Last of the Monster Kids

Last of the Monster Kids
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Tuesday, October 22, 2013

Halloween 2013: October 21

Toy Story of Terror (2013)

Ah, the Halloween special, a dying pedigree. Every December usually brings one or two new Christmas specials. The Halloween special, however, is a rarer breed. “The Great Pumpkin” gets trotted out every October but new productions are far less frequent. Pixar, for the first time, is throwing their hat into the ring with “Toy Story of Terror,” basically a slightly-longer, televised version of their already popular “Toy Story” shorts. I’m a fan of the company and the series but would a Disney-owned property be willing to get creepy?

Yes and no. “Toy Story of Terror” follow the same batch of toys as always (though Mrs. Potato Head, Slinky-Dog, and Dolly are notably absent), on the road with Bonnie and her mom. When their car breaks down, the group has to stop at a spooky hotel. Once inside, the toys wander off, something strange picking them off one-by-one.

It’s probably a mark of Pixar’s quality that even a fluffy TV special has a genuine character arc. “Toy Story of Terror” begins with Jessie falling into a tool box and freaking out. Later on, she ventures out of Bonnie’s bag because it’s too confined for her. This is a story of the cowgirl conquering her claustrophobia. The arc is framed as a usual “believe in yourself” kid’s movie story but the effort is appreciated. Moreover, Joan Cusack sells her fear honestly. Tom Hanks and Tim Allen have far smaller roles, Cusack, Wallace Shawn, Don Rickles, and Timothy Dalton doing most of the work. Dalton and Shawn are fantastic actually, the parts of Rex and Mr. Pricklepants playing nicely to their strengths.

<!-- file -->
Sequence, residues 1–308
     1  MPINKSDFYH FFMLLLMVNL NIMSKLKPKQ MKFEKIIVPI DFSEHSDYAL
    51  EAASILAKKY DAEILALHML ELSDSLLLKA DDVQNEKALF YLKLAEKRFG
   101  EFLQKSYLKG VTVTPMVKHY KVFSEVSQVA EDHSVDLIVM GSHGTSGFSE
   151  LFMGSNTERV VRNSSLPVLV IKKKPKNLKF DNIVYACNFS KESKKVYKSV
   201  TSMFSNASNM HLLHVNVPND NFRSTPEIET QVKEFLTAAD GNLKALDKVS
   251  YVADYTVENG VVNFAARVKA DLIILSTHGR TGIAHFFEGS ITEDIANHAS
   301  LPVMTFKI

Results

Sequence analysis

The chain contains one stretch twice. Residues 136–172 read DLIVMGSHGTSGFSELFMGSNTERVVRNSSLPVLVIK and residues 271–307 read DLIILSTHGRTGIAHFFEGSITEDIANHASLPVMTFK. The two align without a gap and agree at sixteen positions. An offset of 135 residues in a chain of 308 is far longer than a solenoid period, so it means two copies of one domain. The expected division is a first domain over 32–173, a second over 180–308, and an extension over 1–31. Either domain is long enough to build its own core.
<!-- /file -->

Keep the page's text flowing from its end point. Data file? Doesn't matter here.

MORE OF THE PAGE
As far as horror-content goes, “Toy Story of Terror” has some fun. The special begins with the toys watching a black-and-white vampire film, which is recreated nicely. Throughout the special, Mr. Pricklepants delivers dialogue about the traditional structure of the genre. After Mr. Potato-Head disappears, the toys investigate the dusty, cobweb-filled sub-flooring of the motel, Buzz’ glow-in-the-dark paint casting an eerie green glow on everything. Jesse quickly becomes a final girl, an off-screen monster picking off her friends. She even has a run-in with an ineffectual authority figure, Carl Weathers hilariously poking fun at himself as Combat Carl. The second half of the special, after the truth is revealed, the horror elements pretty much disappear. This is disappointing, considering the first half did a good job introducing kids to the rules of the slasher film. That’s unexpected for a Disney product. Will “Toy Story of Terror” become a classic like “It’s the Great Pumpkin, Charlie Brown?” It’s hard to say but, if this becomes a yearly tradition, I’d probably be okay with that. [7/10]

Halloween H20 (1998)

After the extended clusterfuck that was “Halloween: The Curse of Michael Myers,” it was clear that the franchise needed a kick in the ass. A problem facing all the sequels is that Michael Myers is not a particularly captivating character. When faithful to the original, he’s not a character at all but rather an absence of character. It isn’t surprising that Dr. Loomis, Michael Myers’ arch-enemy, was the most interesting part about most of the sequels. “Halloween H20: Twenty Years Later” understands this. It attempts to return the series to its roots, revitalizes the limp franchise, while also providing Myers with a captivating opponent: His first, Laurie Strode, Jaime Lee Curtis returning to the series that made her a star.

Picking up twenty years after the original, Laurie Strobe has moved far away from Haddonfield, faked her death, and created a new life for herself. She is now Keri Tate, a head teacher at Hillcrest Academy, a fancy private school. She has a boyfriend in the school guidance counselor and even a son, seventeen year old John. Laurie is still suffering from the events of that night, having nightmares, seeing her brother everywhere. Her trauma, and her subsequent alcoholism, has put a strain on her relationship with her son. Of course, Michael isn’t dead. He tracks his sister down, targets her child, forcing a final confrontation between the two.